Things I Wish I’d known – Becoming a Full Time Photographer

Behind The Scenes, For Photographers

Becoming a newborn photographer has been an amazing career move, though not without it’s challenges. Professional Photo magazine asked me to write an article on ‘Things I wish I’d known’, and you can read the full article below:

Becoming a newborn photographer - Things I wish I'd known...
Professional Photo Magazine Article, June 2020, issue 172

Becoming a Newborn Photographer – The Dream

No boss. Flexible hours. Being paid to be creative. No endless paper work, (I didn’t get that one quite right).  Those were just some of the reasons pulling me towards leaving my teaching job and becoming a photographer. 

What I didn’t bank on was the loneliness within my work.  I was surrounded by warm and friendly clients and I’ve always enjoyed meeting new people, so that element was great.  However, having no-one in the office/studio to share what we got up to at the weekend and not having anyone around to bounce some ideas off really got to me. I’m not a total socialite, I enjoy my own time, space and freedom, but it can be hard to grow when you have no community to push and challenge you.

Top survival Tip – Network

So my biggest tip to my younger self, and thus to you, would be to network. Not in a stereotypical business marketing way, but network to build up and develop a supportive community around you. And one where it works two ways, because you know, loaning Louise a battery charger when hers blew up just before a wedding feels pretty good too. 

On reflection, there is no way I would be where I am now, running a successful studio and teaching around the world, without the relationships I’ve made within the industry. The first time I was approached to speak as a photographer was for an industry association. I felt totally under qualified to speak to a room full of professionals, many who had been trading much longer than me, but they made me feel so welcome, and now nearly 10 years later I’m on their board of directors. I’ve experienced the same with almost every other association or even just gathering of photographers.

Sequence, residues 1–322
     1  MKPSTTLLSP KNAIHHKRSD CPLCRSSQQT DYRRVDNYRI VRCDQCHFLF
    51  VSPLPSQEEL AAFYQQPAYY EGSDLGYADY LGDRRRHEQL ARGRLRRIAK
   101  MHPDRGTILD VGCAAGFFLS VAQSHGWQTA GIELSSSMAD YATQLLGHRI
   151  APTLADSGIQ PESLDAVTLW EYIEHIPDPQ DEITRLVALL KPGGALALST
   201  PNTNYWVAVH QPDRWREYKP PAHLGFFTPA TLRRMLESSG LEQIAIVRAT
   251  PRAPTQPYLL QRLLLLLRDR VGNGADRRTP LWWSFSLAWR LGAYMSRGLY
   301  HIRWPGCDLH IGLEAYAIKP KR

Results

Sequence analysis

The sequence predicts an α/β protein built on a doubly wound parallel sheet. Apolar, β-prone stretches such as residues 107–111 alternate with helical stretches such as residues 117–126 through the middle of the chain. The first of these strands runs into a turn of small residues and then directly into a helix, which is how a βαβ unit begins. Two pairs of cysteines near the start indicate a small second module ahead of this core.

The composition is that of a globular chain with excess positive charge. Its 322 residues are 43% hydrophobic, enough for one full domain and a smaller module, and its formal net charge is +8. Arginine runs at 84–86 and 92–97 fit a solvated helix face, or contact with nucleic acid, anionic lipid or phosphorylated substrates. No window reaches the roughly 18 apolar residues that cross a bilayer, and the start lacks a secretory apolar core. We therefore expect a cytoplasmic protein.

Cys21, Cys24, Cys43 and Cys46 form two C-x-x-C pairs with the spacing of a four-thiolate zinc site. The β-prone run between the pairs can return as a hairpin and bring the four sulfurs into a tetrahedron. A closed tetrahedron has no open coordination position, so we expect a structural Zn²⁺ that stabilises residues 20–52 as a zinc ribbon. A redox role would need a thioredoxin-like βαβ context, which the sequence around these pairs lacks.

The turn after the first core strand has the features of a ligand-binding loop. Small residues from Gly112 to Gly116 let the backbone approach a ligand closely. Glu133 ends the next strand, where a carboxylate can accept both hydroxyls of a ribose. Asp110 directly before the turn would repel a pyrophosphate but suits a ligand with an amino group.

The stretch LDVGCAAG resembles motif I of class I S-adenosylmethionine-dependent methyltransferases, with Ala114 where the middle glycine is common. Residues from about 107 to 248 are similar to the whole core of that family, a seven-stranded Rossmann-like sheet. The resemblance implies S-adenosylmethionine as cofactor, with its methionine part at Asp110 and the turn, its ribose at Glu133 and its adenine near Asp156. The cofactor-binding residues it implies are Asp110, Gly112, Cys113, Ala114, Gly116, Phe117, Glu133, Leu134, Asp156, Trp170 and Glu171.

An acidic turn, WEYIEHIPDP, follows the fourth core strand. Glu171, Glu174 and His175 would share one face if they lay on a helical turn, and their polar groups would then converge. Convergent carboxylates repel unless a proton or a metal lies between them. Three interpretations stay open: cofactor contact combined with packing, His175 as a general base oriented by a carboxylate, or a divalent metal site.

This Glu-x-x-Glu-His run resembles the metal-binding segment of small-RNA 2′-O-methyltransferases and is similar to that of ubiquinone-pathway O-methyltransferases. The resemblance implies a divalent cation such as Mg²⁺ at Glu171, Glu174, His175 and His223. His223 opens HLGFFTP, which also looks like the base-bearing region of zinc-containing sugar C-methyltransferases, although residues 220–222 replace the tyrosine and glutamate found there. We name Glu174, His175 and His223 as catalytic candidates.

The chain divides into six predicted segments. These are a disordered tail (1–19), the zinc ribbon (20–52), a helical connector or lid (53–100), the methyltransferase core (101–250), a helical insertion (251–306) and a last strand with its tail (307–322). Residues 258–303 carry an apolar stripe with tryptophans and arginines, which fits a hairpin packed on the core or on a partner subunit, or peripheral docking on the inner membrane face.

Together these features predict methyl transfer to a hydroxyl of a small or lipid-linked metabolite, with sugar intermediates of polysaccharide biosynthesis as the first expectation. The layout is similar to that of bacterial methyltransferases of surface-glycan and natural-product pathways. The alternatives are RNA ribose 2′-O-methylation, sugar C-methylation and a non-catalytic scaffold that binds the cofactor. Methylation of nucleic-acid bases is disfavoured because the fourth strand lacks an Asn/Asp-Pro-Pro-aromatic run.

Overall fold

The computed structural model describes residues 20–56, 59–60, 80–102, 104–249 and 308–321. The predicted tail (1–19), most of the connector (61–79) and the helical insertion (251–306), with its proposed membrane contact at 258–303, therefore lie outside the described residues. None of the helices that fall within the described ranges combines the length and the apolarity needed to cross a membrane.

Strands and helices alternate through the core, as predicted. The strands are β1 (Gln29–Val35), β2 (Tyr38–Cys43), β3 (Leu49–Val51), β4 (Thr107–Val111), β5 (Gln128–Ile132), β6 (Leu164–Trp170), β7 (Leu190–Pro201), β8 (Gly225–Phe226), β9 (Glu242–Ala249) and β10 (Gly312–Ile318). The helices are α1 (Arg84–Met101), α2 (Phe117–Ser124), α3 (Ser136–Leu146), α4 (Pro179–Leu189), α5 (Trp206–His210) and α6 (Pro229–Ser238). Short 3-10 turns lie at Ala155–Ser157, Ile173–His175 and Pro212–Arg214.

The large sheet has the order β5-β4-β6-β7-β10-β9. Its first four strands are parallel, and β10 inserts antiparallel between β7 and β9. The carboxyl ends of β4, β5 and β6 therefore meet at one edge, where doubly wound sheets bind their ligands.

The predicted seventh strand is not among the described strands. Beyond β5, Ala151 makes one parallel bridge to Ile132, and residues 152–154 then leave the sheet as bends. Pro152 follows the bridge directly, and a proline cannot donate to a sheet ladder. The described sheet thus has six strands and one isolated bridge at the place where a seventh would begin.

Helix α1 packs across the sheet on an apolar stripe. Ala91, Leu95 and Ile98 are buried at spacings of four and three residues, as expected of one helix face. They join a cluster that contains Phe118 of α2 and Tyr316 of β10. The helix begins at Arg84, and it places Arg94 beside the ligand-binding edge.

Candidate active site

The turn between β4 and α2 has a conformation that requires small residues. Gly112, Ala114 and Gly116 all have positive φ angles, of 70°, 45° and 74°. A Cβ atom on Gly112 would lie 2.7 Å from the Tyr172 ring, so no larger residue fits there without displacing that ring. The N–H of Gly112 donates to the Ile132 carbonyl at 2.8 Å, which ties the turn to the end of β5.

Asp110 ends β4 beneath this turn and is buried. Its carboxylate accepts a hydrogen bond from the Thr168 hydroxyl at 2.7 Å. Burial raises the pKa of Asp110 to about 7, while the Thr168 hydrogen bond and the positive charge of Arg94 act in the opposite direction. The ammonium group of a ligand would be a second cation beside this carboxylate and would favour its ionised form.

Don’t be afraid to cross genres too, some of my closest photography friends are street and wedding photographers, and industry suppliers, completely different to my world of newborns. We have a huge amount of transferable skills and knowledge, and we can be totally open without any competitive concerns.

ALL ABOUT THE PARTIES

It’s the coffees after photography events, the grabbed dinners at the end of the big photography shows, and the occasional late night drinking sessions that have often benefitted me the most. Here I’ve found fellow photographers opening up more, sharing pearls of wisdom and giving me guidance that I just wouldn’t have received otherwise.  

Over the years I’ve built a large bank of friends that I can share and loan kit with, people I can swap skills with, groups that will listen to each other if anyone need a sounding board. We’ve even held Christmas parties together, something that’s definitely less fun solo.

So yes, I totally understand that we want to guard our businesses, we’ve often built them from scratch, and we can get very protective of our creative ideas and  business concepts. But that doesn’t mean you need to go it alone; you can still build a team, think of it almost like independent colleagues if the idea of a photography family feels too kitsch for you. And I promise if you do, with the right sharing and nurturing, you will see all of your skills increase, both photographically and business wise.

So don’t be a total lone wolf….find your pack and grow together.

Helpful Links:

Professional Photo – Well worth the subscription, it’s a great magazine for all genres

Some of the associations I’m a member of that are worth checking out:

The Societies of Wedding and Portrait Photographers (SWPP)

The Master Photographers Association

And if you ever want to reach out for a chat or support, you can contact me here

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